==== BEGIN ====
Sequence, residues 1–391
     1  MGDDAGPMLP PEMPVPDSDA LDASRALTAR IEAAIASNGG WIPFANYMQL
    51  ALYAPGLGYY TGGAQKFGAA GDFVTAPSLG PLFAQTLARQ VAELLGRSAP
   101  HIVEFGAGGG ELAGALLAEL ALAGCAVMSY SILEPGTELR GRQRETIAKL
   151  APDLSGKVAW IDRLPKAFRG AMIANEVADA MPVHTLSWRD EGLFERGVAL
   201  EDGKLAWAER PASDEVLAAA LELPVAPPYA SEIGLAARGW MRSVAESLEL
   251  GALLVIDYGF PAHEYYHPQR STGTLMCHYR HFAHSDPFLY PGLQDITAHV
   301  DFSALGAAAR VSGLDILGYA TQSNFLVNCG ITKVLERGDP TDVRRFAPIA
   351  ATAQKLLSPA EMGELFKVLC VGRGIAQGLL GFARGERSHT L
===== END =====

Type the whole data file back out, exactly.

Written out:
Sequence, residues 1–391
     1  MGDDAGPMLP PEMPVPDSDA LDASRALTAR IEAAIASNGG WIPFANYMQL
    51  ALYAPGLGYY TGGAQKFGAA GDFVTAPSLG PLFAQTLARQ VAELLGRSAP
   101  HIVEFGAGGG ELAGALLAEL ALAGCAVMSY SILEPGTELR GRQRETIAKL
   151  APDLSGKVAW IDRLPKAFRG AMIANEVADA MPVHTLSWRD EGLFERGVAL
   201  EDGKLAWAER PASDEVLAAA LELPVAPPYA SEIGLAARGW MRSVAESLEL
   251  GALLVIDYGF PAHEYYHPQR STGTLMCHYR HFAHSDPFLY PGLQDITAHV
   301  DFSALGAAAR VSGLDILGYA TQSNFLVNCG ITKVLERGDP TDVRRFAPIA
   351  ATAQKLLSPA EMGELFKVLC VGRGIAQGLL GFARGERSHT L